Often, books from the past, even the ones with the best intentions regarding social justice, fall short of what contemporary readers might hope. Feminist texts may be shot through with subtle racism, and anti-racist texts might be marbled with misogyny. But Brown’s approach is refreshingly intersectional, emphasizing the centrality of the Black women of Trumbull Park. Buggy complains of the motley crew of fellow Black residents they have as allies, and how fractious even that group can be. Helen looks at him seriously and says, “It’s too bad we can’t pick the people to help us fight, Buggy. But it always seems that the most likely ones never come through, and the least likely ones always do. What’ll we do—refuse help because it’s not from the right people?”

So too does Brown depict the fraught entanglement of Black communities with law enforcement. When Buggy and his brother go to visit their dying father in County Hospital, he notices his sibling flexing and at first is perplexed, but:

Then I remembered. Ricky was a policeman, and a policeman has to let the world know he’s around. Testing, testing, always testing—they all do it, the cops. Testing—got to make sure that people respect them, fear them. Ask a question, call somebody back, take an apple off the fruit stand. Free beer, free cigars, free Christmas presents from the merchants on the beat. I had seen all these things, but I hadn’t thought much about them, until I saw Ricky the cop.

When I checked the book out from the library—only available in a hard-to-find 2005 university press edition—and read it last summer, I wondered: why aren’t more people reading this book? Even though it was effusively praised at the time of its 1959 publication by Gwendolyn Brooks and Langston Hughes, why does it not have the classic status it so richly deserves? Why, when it comes to the question of the great Chicago novel do we tend to hear the same set of names—Bellow, Algren, Sinclair—over and over with no mention of Brown?

It sold 25,000 copies upon its initial publication, but in spite of positive attention in the Chicago Sunday Tribune and the Christian Century, as Hill observes, the novel “has received very little long-term notice” and that “whatever the reasons, any objective estimate must conclude that scholars, whether of regional or African American literature have neglected Trumbull Park.” Critic Sterling Stuckey wrote that “along with Lorraine Hansberry’s Raisin in the Sun and Ossie Davis’ Purlie Victorious, [it] signaled the advent of a new and brilliant flowering of creative effort on the part of Negro writers.” Yet in 1974 in The Dark and Feeling, Clarence Major declared that Brown “will remain a minor writer occupying a small place in the literary history of black Chicago.”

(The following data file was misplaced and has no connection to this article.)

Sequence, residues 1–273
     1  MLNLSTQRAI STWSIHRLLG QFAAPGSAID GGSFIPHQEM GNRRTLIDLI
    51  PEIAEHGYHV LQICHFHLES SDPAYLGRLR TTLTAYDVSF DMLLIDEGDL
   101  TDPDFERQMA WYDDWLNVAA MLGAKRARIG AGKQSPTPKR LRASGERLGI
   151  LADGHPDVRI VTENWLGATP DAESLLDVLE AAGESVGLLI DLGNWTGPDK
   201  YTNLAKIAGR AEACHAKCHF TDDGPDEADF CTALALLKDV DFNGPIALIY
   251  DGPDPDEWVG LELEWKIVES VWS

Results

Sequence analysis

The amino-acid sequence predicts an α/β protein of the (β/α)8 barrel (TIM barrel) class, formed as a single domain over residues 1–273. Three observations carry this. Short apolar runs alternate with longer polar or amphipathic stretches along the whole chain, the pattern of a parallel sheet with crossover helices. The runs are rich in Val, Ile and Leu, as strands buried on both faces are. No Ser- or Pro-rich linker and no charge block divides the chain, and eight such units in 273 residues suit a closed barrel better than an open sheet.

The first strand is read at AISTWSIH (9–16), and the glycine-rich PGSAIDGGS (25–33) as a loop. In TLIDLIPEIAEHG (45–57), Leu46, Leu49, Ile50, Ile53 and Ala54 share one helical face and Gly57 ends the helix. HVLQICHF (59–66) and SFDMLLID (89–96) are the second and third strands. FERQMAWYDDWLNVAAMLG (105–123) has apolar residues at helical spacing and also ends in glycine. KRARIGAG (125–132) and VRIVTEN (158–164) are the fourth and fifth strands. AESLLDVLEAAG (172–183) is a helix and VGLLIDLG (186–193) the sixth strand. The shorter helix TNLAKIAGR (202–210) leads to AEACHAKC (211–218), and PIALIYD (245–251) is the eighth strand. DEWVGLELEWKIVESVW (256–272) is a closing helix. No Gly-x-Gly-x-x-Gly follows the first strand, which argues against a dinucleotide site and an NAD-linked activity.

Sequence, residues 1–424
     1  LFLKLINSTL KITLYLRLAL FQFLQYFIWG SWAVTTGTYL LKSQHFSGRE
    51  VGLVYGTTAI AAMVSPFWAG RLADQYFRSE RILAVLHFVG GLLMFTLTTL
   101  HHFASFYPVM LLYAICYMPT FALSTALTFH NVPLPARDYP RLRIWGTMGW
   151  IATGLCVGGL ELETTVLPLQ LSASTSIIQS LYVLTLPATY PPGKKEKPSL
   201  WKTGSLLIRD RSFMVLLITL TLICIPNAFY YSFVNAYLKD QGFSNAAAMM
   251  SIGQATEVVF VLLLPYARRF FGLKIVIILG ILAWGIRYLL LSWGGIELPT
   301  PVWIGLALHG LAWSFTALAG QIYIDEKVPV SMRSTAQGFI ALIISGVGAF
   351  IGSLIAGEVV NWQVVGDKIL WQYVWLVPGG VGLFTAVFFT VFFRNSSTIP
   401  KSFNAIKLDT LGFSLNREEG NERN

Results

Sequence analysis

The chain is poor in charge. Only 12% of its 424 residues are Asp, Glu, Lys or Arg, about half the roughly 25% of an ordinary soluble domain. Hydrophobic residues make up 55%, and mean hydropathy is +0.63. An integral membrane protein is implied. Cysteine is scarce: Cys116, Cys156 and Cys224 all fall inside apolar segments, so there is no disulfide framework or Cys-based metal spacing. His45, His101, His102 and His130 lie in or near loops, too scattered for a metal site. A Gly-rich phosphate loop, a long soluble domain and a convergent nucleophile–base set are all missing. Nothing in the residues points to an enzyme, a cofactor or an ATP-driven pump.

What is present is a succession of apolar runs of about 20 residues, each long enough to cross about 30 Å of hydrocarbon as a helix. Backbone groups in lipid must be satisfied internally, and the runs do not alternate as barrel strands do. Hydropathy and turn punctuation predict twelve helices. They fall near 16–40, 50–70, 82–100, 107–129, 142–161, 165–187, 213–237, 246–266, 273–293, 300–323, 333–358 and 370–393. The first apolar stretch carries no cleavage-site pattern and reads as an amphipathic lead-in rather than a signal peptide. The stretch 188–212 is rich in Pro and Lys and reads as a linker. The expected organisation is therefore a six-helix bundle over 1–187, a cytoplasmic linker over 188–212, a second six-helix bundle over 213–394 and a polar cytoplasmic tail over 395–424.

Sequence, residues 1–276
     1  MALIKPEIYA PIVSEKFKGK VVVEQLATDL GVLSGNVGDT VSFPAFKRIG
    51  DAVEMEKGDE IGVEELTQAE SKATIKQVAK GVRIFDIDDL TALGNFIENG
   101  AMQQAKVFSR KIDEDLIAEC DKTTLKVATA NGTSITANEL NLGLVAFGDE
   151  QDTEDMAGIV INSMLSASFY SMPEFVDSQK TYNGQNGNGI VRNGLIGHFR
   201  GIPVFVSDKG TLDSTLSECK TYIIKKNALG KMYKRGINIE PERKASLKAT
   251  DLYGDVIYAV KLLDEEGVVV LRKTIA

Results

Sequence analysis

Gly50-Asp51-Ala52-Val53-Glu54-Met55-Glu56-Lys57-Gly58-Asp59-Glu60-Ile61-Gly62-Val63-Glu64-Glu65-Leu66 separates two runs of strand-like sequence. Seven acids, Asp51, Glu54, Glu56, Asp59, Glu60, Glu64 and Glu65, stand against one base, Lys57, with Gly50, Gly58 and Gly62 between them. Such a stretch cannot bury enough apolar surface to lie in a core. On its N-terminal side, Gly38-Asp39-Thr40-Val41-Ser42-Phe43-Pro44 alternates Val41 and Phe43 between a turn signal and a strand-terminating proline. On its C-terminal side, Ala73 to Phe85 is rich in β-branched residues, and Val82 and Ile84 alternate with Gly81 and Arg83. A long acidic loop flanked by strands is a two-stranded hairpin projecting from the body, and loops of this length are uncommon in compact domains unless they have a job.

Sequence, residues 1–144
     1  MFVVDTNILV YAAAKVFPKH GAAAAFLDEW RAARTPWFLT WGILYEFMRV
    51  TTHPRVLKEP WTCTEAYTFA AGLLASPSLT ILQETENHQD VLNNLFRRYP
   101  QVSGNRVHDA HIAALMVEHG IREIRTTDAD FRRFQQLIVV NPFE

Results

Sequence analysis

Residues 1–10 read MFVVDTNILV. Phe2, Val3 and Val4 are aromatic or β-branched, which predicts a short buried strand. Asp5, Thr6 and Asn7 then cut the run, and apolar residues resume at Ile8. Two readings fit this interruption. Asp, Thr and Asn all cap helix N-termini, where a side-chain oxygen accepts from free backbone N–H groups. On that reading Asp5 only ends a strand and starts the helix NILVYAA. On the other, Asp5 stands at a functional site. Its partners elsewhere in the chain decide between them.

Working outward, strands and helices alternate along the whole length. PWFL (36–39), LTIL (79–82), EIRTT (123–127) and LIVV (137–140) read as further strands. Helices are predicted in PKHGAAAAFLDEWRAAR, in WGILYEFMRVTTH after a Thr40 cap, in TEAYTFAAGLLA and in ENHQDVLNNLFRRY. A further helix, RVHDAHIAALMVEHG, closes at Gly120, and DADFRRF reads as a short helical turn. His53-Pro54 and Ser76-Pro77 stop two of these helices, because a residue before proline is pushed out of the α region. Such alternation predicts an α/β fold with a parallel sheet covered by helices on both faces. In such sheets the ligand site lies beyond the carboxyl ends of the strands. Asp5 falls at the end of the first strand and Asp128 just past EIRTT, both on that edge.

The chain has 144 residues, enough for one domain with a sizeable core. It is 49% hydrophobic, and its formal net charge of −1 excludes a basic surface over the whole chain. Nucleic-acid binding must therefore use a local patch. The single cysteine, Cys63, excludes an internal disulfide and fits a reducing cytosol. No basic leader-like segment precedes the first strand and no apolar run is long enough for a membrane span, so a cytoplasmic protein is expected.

As Mary Helen Washington writes in her introduction to the recent reprint, the book’s minor status may be because Trumbull Park “defies categorization.” She notes that “[d]espite the echoes we hear of Richard Wright in the story of class exploitation and urban racial violence, Trumbull Park represents a break with the tradition of social protest as defined by Wright in the 1930s and 1940s” because Brown neither “focuses on black victimization nor is he interested in appealing to or threatening a white audience.” Rather, Buggy is written specifically to appeal to a Black audience, or, as Brown himself wrote, “If I could get the Negro reader to identify himself with this man, then, at the end of the novel, the reader would be sworn to courage—if the trick I tried to pull on Negro readers worked—”

Perhaps unsurprisingly, the Kirkus Review‘s take on Trumbull Park is condescending and dismissive: “Like many novels by Negro writers this is more a sociological study than an exercise of the novel’s art—detailed, overly long, lacking in narrative strength—but effective on its own terms.” This review is also incorrect, for Brown’s novel is effective on every level: a dynamic protagonist, a compelling plot, killer dialogue, and timeless themes.

The few other mainstream reviews of the novel from 1959 bear that dismissiveness out as well. Thoroughly missing the point, the New York Times claims:

Mr. Brown does not deal with the inner psychology of the white people in Trumbull Park. Someday perhaps a writer will rise far enough above the battle to have the deepest sympathy for ‘Buggy’ Martin—and at the same time understand the misgivings, the fears and frustrations on the other side.

History—while often presented as fully knowable, monolithic, and objectively true—is full of subjectivity and gaps, lacunae both deliberate and careless. With this recent summer of racial reckoning whose echoes continue to rock America’s understanding of who it has been and who it wants to be, Trumbull Park remains as resonant now as it was at the time of its publication. It is high time that it be given the attention it deserves, especially by white audiences who need to not be so easily comforted by the idea that they themselves are not the beneficiaries of structural inequalities whose roots form the very foundation of America. Frank London Brown is—I’m happy to report—poised to be inducted into the Chicago Literary Hall of Fame.

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Chicago Review, Vol. 11, No. 1 (Spring, 1957), pp. 57-61
Chicago Review
The Journal of American History, Vol. 82, No. 2 (Sep., 1995), pp. 522-550
Oxford University Press on behalf of Organization of American Historians
CLA Journal, Vol. 33, No. 3 (MARCH 1990), pp. 280-297
College Language Association